Spokane may become the latest city to celebrate Indigenous Peoples Day in place of Columbus Day.
The City Council will vote Monday on a resolution declaring the second Monday in October “an opportunity to celebrate the thriving cultures and values of the American Indians, Alaska Natives, and Indigenous Peoples of our region.” Seattle adopted a similar resolution in 2014, and other cities, including Denver and Minneapolis, have done the same in recent years.
Council President Ben Stuckart, who put forth the resolution, said it was driven by conversations with Jo Ann Kauffman, a Nez Perce tribal member who runs a professional services firm. He said Columbus, who enslaved indigenous people on the island of Hispaniola, where he landed in 1492, should not be celebrated.
“I don’t think that that’s somebody we should be honoring,” he said.
City parking meters are free on Columbus Day, but the day is not a holiday for city employees. Veterans Day and Presidents Day are also regular working holidays for city employees.
Kauffman said she appreciated Spokane taking a step toward celebrating a more accurate history of early European contact with the Americas.
“It’s an opportunity for reconciliation and honest appraisal and celebration of indigenous peoples,” she said.
The city named a plaza overlooking Lower Spokane Falls the Spokane Tribal Gathering Place in 2014, with an inscription in Salish saying “the place where salmon is prepared.” Stuckart said he wants to build on efforts like that to include native people in Spokane life.
“We have one of the largest percentage of urban Indian populations in the United States,” he said. “It’s very important to me that we continue to improve those relations and this is one of those steps.”
Councilman Breean Beggs said he’d support the resolution, which doesn’t say anything negative about Columbus or his legacy as similar measures in other cities have.
“This resolution doesn’t do that. This resolution is simply a positive resolution honoring Native American people,” he said.
Though Mayor David Condon doesn’t have to sign council resolutions, his spokesman Brian Coddington said Condon supports the effort as well.
But Councilman Mike Fagan, the lone conservative on the council, called the measure “political correctness pandering to special interests” and said he plans to vote no.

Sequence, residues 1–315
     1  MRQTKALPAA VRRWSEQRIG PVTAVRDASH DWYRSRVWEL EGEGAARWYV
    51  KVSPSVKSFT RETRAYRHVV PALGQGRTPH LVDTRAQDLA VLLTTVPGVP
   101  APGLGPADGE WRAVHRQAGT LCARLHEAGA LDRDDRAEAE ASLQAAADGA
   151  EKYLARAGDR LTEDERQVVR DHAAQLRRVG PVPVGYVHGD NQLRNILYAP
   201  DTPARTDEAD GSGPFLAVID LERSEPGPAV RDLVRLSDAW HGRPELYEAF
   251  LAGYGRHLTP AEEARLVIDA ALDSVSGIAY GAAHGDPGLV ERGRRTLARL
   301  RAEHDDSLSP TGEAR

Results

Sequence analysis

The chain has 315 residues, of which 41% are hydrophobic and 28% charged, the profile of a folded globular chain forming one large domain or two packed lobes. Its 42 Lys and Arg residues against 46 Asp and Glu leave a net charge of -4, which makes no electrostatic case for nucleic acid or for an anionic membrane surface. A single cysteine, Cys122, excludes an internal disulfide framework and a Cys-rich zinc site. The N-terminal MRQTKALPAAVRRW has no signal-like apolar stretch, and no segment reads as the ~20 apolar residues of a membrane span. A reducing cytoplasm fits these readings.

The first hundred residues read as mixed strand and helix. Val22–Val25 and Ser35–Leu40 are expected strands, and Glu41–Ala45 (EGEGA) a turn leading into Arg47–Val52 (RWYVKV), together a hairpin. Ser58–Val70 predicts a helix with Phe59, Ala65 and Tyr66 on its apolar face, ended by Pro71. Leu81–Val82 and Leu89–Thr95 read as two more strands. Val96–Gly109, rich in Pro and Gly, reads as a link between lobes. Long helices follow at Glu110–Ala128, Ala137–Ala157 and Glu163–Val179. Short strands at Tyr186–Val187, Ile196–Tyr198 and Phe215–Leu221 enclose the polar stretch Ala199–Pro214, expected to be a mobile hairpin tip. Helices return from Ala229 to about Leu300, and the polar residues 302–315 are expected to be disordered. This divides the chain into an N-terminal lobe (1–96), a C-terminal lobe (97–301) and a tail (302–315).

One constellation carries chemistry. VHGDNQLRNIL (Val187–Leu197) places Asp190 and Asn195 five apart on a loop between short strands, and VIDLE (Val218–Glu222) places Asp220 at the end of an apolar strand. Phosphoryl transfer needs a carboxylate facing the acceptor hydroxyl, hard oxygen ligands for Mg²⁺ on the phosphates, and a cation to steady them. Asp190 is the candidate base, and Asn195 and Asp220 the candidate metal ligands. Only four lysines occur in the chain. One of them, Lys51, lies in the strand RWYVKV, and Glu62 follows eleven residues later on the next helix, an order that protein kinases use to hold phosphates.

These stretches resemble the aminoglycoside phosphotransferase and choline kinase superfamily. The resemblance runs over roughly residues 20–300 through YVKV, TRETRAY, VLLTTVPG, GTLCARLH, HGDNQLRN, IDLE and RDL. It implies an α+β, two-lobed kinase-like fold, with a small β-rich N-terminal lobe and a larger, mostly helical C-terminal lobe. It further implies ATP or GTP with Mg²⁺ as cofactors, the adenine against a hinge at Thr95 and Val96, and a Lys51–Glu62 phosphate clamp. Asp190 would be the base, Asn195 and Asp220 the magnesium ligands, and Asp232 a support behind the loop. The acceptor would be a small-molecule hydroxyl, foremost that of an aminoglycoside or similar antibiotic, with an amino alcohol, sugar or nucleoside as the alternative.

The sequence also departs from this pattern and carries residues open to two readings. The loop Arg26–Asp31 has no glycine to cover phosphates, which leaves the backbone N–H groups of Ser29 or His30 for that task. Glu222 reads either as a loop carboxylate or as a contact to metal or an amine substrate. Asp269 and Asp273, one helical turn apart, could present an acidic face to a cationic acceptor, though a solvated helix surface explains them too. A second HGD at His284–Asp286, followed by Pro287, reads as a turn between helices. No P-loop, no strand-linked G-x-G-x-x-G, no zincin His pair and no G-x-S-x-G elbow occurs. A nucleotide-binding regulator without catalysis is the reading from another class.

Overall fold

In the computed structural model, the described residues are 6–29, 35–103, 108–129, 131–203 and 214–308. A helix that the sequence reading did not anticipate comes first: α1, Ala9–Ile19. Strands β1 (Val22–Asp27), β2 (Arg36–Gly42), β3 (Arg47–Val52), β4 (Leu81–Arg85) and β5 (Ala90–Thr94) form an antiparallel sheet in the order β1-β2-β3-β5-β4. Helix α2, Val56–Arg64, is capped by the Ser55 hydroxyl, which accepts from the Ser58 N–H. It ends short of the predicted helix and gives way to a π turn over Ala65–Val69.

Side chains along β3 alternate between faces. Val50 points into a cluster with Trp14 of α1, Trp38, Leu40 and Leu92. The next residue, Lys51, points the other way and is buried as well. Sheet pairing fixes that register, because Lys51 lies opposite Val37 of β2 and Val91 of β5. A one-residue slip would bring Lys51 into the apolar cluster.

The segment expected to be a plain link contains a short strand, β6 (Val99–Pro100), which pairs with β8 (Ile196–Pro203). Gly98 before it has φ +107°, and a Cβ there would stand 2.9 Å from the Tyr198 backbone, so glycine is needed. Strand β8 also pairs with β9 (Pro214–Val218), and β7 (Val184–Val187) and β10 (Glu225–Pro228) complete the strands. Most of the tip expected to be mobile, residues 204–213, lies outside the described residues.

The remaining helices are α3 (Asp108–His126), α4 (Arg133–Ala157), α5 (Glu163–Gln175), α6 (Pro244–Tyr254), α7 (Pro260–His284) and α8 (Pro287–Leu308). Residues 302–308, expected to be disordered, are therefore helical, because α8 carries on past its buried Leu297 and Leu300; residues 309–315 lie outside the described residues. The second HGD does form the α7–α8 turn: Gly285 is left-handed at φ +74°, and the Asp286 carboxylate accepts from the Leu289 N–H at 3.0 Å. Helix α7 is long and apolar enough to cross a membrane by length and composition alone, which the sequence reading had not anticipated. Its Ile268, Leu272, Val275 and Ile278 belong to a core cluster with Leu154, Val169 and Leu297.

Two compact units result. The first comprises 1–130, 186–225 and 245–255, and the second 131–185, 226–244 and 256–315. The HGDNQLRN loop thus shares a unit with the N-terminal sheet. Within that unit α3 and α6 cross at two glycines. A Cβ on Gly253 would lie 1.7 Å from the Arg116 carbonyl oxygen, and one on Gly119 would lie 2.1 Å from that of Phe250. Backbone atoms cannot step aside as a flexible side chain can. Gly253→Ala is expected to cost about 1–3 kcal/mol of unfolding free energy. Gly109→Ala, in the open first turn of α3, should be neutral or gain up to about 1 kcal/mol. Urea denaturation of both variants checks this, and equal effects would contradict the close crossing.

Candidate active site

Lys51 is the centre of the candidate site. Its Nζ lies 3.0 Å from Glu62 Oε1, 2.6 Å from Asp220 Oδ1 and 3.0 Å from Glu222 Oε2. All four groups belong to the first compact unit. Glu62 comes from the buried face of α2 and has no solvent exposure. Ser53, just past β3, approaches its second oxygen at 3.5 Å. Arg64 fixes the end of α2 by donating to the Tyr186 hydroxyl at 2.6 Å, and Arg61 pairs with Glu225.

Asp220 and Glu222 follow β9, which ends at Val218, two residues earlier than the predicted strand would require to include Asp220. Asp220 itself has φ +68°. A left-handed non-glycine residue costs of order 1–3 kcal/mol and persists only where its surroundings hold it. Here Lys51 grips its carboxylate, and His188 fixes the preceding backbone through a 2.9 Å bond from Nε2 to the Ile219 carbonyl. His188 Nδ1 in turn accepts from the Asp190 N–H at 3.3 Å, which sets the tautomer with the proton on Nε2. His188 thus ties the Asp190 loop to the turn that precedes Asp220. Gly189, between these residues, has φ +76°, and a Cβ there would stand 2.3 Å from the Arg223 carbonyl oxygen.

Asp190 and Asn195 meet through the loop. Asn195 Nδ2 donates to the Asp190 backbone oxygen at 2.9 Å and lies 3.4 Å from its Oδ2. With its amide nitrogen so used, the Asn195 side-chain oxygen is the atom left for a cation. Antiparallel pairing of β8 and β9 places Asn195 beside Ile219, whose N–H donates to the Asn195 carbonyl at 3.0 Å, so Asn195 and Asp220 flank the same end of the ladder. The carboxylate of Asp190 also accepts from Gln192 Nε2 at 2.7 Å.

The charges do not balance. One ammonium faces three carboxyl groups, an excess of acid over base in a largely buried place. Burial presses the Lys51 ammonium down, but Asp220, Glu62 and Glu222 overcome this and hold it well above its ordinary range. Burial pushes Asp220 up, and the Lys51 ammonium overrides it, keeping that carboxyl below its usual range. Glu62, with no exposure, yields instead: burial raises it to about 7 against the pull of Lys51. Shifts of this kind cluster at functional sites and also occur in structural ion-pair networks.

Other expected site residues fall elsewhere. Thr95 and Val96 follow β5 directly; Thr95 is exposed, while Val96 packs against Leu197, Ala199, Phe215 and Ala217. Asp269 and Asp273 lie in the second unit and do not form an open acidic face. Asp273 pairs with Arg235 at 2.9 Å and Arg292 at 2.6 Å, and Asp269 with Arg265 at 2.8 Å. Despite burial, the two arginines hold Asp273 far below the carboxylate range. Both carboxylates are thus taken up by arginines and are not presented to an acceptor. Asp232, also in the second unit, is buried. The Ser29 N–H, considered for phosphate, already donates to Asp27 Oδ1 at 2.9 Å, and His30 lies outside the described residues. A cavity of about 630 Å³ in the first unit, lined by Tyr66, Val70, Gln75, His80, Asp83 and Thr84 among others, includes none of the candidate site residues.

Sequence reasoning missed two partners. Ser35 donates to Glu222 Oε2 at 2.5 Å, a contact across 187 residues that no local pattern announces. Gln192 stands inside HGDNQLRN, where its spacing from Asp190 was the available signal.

“Five hundred twenty-four years of what we all thought was good history is about ready to be wiped out by the council president who is running for mayor,” he said.
He said the council had more important issues facing it and was concerned about the message it would send to Spokane’s newest sister city, Cagli, Italy.
“How is this going to be perceived when we sit down the latter part of September to ink the sister city agreement?” he said.
Councilwoman Candace Mumm said she was open to the resolution but would not make up her mind before hearing public testimony.
Other council members did not respond to calls seeking comment.
The change speaks to two competing visions of who Christopher Columbus was and what role he played in the history of the Americas. Historians agree that by the early 1500s, much of the native Taino population on Hispaniola had died off from a combination of diseases imported by Europeans, fighting with Spanish colonizers and overwork. Dominican friar Bartolomé de las Casas, an early Spanish settler of the Americas, wrote detailed accounts of the early years of colonization which described Spaniards cutting off indigenous peoples’ hands or killing them at will.
For Native Americans, Columbus was the catalyst for a genocide that led to the enslavement and death of millions of native people.
“Reading his journal, you see where rape and enslavement, executions, torture were all used by Christopher Columbus and those who followed him to exploit to the maximum possible any resources,” Kauffman said.
Italian-American cultural groups have fought measures to abandon Columbus Day in other cities, arguing that Columbus is being unfairly judged by modern standards and held responsible for the deaths of large numbers of indigenous people from smallpox and other European diseases.
Ron Anselmo, president of the Spokane chapter of the American Italian Club, found out about the resolution from a Spokesman-Review reporter and said he was surprised he hadn’t heard about it earlier.
“I don’t know what we can do about that but we’re going to fight it,” he said.
Tony Bisceglia Anderson, the president of the northwest chapter of Sons of Italy, said he’d try to make it to Spokane on Monday to testify against the proposal. He also said claims about Columbus’ role in the genocide against indigenous people in the Americas couldn’t be proven definitively.
“None of us were there. None of us really know what the truth is,” he said. Anderson unsuccessfully fought Seattle’s effort to pass a similar resolution.
A Spokane Tribe spokeswoman did not return a call seeking comment Thursday, but some members of the tribe posted in support of the effort on Stuckart’s Facebook page.
“We’ll be there to support the resolution on the 29th! A long time coming! Thank you for your help,” wrote Twa-le Abrahmson-Swan, a member of the tribe.
The council will consider the resolution at its regular meeting at 6 p.m. Monday in the Spokane City Hall council chambers.
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